The Apostles’ Creed – Lesson 4
This lesson talks about the Holy Spirit’s divinity, his full membership in the Godhead. It considers his personhood, noting that the Holy Spirit is a true person and not simply a divine force. And it explores the work that the Holy Spirit did in the past, and that he continues to do today.
The Apostles’ Creed – Lesson 3
This lesson speaks of the divinity of Jesus Christ, looking at things like the nature of his divinity, and his relationship to the other members of the Trinity. It looks at his humanity, and discusses the relationship between his divine and human natures. And it talks about his work both during and after his earthly ministry.
The Apostles’ Creed – Lesson 2
This lesson addresses the basic idea of God, looking at some general things the Bible teaches about his existence and nature. It focuses on the phrase “Father Almighty,” paying attention to some distinctive qualities of the first person of the Trinity. And it explores the Father’s role as the Maker, or creator, of everything that exists.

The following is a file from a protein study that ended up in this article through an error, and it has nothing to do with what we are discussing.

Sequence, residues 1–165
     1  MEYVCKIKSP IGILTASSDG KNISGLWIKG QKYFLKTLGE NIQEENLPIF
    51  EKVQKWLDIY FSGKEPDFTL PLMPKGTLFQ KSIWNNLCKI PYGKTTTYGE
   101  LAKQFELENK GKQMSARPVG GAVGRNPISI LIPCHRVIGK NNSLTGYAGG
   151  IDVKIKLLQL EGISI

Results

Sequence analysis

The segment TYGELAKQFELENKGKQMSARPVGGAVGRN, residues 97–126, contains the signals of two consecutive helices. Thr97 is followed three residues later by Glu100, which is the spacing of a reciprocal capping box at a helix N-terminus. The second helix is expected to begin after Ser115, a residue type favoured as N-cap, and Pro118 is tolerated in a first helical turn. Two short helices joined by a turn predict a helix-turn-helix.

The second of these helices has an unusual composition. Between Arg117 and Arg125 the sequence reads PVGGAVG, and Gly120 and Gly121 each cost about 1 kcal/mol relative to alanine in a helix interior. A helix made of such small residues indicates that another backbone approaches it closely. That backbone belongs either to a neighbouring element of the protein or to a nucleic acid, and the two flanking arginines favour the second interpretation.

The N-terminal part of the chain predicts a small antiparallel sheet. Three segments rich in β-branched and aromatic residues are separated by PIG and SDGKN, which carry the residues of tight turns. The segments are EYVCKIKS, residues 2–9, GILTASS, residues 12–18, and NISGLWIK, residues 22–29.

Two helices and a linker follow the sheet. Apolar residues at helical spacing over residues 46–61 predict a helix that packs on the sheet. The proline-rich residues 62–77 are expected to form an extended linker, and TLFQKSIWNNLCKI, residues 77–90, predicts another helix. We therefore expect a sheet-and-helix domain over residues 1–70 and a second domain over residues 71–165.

Exodus is linked to Genesis
The loyal love and dependable grace of this covenant-making God to his promises dominated the transition between these ages. He had heard Israel’s groanings in Egypt, and his interest in them and action on their behalf were summed up as a “remembering” of his covenant with Abraham, Isaac, and Jacob (2:24).
The Apostles’ Creed – Lesson 1
This lesson looks at the Apostles’ Creed as a summary of the articles or doctrines that must be affirmed by all those who would call themselves Christian. It speaks of the history of the Creed, provides an overview of its statements, and focuses on the importance of its doctrines for today.